Please welcome today’s guest writer, Ryan Hagerman. Ryan graduated in the spring of 2014 with a major in media production and minor in journalism. He currently lives in Grand Rapids with his wife Liz Mulder. When he’s not working, Ryan is either writing for his WordPress blog All Good Frames, making a short film, editing videos, or taking photographs around the city.

Bodies matter. I will live my whole life with this body and accomplish everything through it. I’ve been thinking about this basic truth as the latest pack of superhero films stampedes through the box office. Superhero films are not bodily; they rely overly on CGI and spectacle, which makes them increasingly irrelevant to us.

Hollywood’s obsession with spectacle has led to an overzealous use of CGI (computer generated images) to create fantastic scenes of explosions, crumbling buildings, and alien spaceships. Sometimes CGI is useful, but in films like The Avengers or Man of Steel CGI gets in the way of our emotional connection to characters. It is hard to sympathize with a superhero when it becomes difficult to locate him or her amidst crumbling buildings. It is harder when heroes don’t even appear to be incarnate. They are ghostly, pixilated; we are fleshy, vulnerable.

A bigger problem is that these blockbuster heroes are not allowed to die, and they are never in any real danger of dying. We know they will always pull through and live. It’s so frustrating because we die. I will die, you will die, even Jesus died. Yet, these films keep giving us untouchable immortals.

These films bother me so much because our bodies have to deal with political consequences. We can’t just fly away from our government. I live in a state where the lawmakers for an entire year would not approve funding to improve the roads. Potholes that can damage vehicles are fine for them; they can afford it. For others however, a punctured tire means missing a shift, losing a job, missing rent, losing a home. We are limited by time and space; superheroes are not.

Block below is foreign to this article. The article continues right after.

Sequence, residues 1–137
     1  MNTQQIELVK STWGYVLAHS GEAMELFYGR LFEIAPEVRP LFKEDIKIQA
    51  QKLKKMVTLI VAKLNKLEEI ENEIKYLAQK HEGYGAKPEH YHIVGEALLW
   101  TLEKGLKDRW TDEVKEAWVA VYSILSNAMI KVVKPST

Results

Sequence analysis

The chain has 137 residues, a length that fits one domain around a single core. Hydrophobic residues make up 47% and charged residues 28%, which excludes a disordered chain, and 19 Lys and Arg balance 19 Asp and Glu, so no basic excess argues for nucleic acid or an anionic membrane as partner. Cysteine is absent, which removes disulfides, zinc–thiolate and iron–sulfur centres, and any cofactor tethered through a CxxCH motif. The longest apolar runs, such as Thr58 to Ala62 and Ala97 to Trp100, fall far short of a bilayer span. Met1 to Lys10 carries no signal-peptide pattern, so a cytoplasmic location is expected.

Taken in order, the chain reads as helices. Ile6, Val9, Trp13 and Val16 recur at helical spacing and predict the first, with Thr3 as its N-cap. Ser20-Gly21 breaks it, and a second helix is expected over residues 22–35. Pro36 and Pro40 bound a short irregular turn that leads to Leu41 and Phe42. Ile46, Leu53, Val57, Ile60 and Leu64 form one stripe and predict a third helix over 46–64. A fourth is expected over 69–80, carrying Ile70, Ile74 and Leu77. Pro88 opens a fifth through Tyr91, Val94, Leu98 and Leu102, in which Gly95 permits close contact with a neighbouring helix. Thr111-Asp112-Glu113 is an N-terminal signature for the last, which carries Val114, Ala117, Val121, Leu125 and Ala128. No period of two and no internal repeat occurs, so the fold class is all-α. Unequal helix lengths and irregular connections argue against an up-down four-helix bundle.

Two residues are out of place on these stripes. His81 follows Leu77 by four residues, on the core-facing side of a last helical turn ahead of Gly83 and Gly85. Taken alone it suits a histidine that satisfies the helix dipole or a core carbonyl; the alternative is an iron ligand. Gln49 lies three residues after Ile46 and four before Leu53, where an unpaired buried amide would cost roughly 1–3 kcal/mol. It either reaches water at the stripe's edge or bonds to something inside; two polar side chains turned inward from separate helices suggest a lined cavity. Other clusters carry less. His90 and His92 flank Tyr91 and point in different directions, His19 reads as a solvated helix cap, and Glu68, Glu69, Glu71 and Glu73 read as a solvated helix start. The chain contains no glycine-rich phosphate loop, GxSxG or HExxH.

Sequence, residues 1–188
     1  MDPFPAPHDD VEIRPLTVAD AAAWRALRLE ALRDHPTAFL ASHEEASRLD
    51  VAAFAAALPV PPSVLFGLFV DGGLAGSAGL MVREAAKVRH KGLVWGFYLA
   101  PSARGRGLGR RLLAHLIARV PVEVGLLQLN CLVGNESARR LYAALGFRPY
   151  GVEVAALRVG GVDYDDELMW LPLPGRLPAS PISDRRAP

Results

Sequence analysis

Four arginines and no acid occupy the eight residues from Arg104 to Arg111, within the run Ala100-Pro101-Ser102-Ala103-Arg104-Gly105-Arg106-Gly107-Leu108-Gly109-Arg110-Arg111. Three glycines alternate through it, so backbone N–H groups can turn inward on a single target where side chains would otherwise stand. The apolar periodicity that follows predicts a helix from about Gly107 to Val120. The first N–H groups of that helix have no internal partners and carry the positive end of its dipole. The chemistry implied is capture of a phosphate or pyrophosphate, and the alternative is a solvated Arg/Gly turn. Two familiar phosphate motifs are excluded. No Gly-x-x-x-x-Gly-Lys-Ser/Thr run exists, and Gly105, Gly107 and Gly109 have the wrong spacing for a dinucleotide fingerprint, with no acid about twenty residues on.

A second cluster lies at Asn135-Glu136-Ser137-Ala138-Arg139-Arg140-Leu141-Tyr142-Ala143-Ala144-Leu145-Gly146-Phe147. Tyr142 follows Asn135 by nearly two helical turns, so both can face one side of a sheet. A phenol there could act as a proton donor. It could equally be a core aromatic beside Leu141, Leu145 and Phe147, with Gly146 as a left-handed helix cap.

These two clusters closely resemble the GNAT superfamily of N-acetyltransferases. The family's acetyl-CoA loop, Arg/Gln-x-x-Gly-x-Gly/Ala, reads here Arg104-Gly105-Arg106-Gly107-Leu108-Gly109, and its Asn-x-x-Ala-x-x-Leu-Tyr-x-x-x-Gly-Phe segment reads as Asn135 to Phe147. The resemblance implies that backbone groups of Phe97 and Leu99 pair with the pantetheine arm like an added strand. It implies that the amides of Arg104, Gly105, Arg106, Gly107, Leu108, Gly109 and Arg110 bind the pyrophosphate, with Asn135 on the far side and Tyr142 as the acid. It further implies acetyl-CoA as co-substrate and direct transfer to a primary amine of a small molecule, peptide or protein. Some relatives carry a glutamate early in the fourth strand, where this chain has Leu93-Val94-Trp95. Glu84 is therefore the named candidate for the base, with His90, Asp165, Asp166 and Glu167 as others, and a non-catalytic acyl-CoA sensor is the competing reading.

These films bother me because #blacklivesmatter. In 2014, a police officer in Ohio shot and killed a black twelve-year-old, and a police officer in New York choked a surrendering black man to death. The year before that, a man killed a black fifteen year old for wearing a hoodie. In that same year, a man shot at a group of black teenagers, killing one of them, because their music was too loud. Yet Hollywood films ignore this: white superheroes stop non-white, non-human supervillains.

Thankfully, there are films out there that do deal with bodies. Films like Boyhood, Selma, and shockingly, The Hunger Games: Mockingjay Part One, all deal with our vulnerabilities. Boyhood is just the story of a boy growing up and trying to figure out “what kind of man” he wants to be and whether the concept of “being a real man” is helpful at all. The unique thing about Boyhood is that it was filmed over twelve years, watching a real boy grow up. The film is as much celluloid as it is cellular; as frames of film move in front of projected light, Mason’s (Ellar Coltrane) cells divide and he grows up.

Mockingjay Part One gave me hope that Hollywood could make a big budget film that wouldn’t be so un-relatable. It is unlike any of the other blockbusters out there right now. Many people have complained that the film is just a cash grab and that nothing really important happens, but I disagree entirely.

Throughout the film there are scenes that focus on the other districts. In these scenes, the citizens are presented as a crowd. They have no weapons, no rhetoric, all they have are their bodies, and they use sheer force of numbers to accomplish their goals. One scene shows the crowd rushing a dam while guards mow them down with automatic weapons. The crowd is trying to carry a bomb to the dam to blow it up, which would disrupt the power of the Capitol. Two will be carrying the bomb when they are shot down, and then two more will pick it up. It goes on, and many people die until they reach the dam.

Selma is another good example of bodily cinema. It follows the protest marches in the titular town for the Voting Rights Act of 1965. The film almost doesn’t have a protagonist. It focuses on Martin Luther King Jr. but it isn’t his story. The film follows the stories of several other members of the protest, including two white priests who were beaten to death. By focusing less on a singular protagonist, the story becomes about people, not a superhero.

There is a moment when the crowd of protesters crosses a bridge and faces federal and state policeman. The policemen lower gas masks over their faces and then proceed to launch gas grenades into the crowd as they beat the protesters with sticks and guns. The smoky bridge hides their actions from the televised newscast, but the sounds of screaming and smacking of clubs is heard clearly. It is a chilling scene, black men and women laying down their bodies to provoke white people’s sympathy.

“Bone of my bone, flesh of my flesh” Adam said to Eve upon seeing her. It’s an embodied kind of love, a love that occurs again with the Incarnation. Bodies matter, and more films need to remind us of that.

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